As with NSOs, the valuation process is the key to determining whether Code Section 409A will be applicable to ISOs issued by closely-held companies. An inaccurate valuation is not necessarily fatal to an ISO’s qualification under Code Section 422 as long as it was the product of a good-faith attempt to ascertain the value of the underlying stock; the presence (or absence) of “good faith” is determined based on the relevant facts and circumstances. Where a closely-held company is involved, the IRS has indicated that the use of an independent and well-qualified expert to perform the valuation will generally satisfy the “good faith” requirement.[fn3] Thus, an ISO with a defective but good faith valuation will retain its status as an ISO and will therefore not be subject to Code Section 409A.

D. Consistency Requirement

The proposed regulations are clear that companies must consistently use the valuation method they chose. The “consistent” use of a valuation method generally requires that the chosen method be used for all equity compensation arrangements. A company may prospectively change the valuation method it uses for future equity compensation awards including stock rights. Although the proposed regulations do not impose formal limitations on the frequency of such changes, the IRS could question the basis for frequent changes in valuation method in light of the general consistency requirement discussed above.

Model Board Resolutions

For your reference, we have attached sample Board resolutions that can be tailored for use in documenting a valuation under Code Section 409A and its proposed regulations. It is important to understand, however, that the adoption of these resolutions will not, in and of itself, satisfy the reasonable valuation requirements imposed by the proposed regulations. Instead, the resolutions are intended to document the Board’s review and approval of a separate valuation report prepared in compliance with the proposed regulations (or, pending their finalization, in compliance with the relief granted by IRS Notice 2006-4). Note also that if a company opts to use a valuation method other than one of the safe harbor methods described in the proposed regulations, it must be prepared to demonstrate that the selected method takes into consideration the factors discussed above and results in a reasonable valuation. In this situation, additional resolutions should establish the basis for the Board’s determination that the factors were considered and the valuation was reasonable even though not within any safe harbor.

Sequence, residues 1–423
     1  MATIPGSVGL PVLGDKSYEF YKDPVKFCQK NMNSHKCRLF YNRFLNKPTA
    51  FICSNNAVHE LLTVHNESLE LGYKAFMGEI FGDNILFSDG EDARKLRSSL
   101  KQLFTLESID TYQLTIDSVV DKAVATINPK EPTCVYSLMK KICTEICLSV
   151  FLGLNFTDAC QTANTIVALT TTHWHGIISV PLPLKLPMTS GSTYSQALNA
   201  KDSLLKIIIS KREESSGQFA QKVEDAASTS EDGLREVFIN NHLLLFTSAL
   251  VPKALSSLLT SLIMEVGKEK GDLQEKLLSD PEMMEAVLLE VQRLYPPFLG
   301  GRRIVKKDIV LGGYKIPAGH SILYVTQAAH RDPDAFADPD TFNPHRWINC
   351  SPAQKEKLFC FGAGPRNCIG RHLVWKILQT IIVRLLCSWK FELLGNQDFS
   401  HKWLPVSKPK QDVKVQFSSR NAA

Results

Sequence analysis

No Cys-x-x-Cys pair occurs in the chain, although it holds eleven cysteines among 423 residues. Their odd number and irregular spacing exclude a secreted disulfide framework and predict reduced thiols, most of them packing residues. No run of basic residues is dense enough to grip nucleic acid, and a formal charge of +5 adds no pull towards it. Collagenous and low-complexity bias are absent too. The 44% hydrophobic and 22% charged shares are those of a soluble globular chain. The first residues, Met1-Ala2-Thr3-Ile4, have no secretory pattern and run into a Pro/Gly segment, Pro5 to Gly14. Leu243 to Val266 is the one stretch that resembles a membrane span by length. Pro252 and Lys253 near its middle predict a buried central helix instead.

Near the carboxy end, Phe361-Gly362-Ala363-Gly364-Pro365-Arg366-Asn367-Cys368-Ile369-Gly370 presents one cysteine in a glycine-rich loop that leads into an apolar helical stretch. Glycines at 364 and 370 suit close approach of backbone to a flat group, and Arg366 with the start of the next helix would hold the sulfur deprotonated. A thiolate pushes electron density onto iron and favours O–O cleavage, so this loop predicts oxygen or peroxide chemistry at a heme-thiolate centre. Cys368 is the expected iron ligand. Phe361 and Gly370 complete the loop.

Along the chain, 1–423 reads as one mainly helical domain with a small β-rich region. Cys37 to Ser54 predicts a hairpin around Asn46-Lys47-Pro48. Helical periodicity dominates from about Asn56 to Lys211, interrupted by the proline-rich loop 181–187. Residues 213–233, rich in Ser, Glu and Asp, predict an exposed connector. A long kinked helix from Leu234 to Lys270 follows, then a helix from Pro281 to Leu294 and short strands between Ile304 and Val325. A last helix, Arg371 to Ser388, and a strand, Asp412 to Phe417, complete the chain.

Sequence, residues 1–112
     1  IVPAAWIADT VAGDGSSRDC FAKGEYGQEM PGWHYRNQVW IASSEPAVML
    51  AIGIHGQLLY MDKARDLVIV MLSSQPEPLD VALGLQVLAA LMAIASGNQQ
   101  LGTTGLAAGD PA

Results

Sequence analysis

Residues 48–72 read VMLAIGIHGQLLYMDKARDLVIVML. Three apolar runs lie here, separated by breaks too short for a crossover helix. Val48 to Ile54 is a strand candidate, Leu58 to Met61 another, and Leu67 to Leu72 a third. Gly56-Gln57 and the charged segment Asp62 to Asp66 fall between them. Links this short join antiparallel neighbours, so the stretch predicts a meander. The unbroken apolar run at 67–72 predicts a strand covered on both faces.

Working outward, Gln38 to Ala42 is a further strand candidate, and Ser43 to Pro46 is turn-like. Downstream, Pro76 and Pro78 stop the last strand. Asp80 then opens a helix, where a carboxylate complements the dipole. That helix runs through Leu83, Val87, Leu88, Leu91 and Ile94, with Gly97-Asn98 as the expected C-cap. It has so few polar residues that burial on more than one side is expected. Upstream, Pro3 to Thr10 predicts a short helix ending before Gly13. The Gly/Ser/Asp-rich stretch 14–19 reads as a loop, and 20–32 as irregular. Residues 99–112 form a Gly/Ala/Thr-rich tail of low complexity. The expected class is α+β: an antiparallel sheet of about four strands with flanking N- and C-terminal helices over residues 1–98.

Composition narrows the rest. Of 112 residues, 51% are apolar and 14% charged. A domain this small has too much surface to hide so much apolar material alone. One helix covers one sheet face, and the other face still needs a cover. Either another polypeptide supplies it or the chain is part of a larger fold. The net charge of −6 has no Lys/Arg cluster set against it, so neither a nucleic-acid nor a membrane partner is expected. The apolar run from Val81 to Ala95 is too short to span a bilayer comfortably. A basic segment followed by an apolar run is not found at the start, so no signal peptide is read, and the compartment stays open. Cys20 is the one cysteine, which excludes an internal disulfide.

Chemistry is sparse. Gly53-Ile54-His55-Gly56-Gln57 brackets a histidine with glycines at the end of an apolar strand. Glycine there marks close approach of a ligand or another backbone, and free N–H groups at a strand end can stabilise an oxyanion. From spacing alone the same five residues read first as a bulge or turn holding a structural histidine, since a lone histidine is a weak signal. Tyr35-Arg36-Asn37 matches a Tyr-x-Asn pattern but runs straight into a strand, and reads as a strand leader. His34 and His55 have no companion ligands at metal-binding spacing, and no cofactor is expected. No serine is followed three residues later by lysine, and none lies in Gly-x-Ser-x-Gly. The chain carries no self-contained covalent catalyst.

Footnotes:

1: Refer to our prior Legal Updates entitled Refer to our prior Legal Updates entitled Deferred Compensation Plans To Undergo Major Changes Under American Jobs Creation Act of 2004, October 2004; Deferred Compensation Update: IRS Issues Initial Guidance Notice 2005-1, January 2005; and Deferred Compensation Update: IRS Issues Proposed Regulations under Code Section 409A, October 2005; and for a more detailed and technical discussion of Section 409A’s requirements.

2: As proposed, the Code Section 409A regulations (available at: As proposed, the Code Section 409A regulations (available at: http://www.ustreas.gov/press/releases/reports/reg15808004.pdf) will effective for taxable years beginning on or after January 1, 2007.

3: As discussed above, IRS Notice 2006-4 adopts this “good faith” approach to valuation for stock options (ISOs and NSOs) and stock appreciation rights granted on or before December 31, 2004. As discussed above, IRS Notice 2006-4 adopts this “good faith” approach to valuation for stock options (ISOs and NSOs) and stock appreciation rights granted on or before December 31, 2004.

Morrison & Foerster LLP

Morrison & Foerster LLP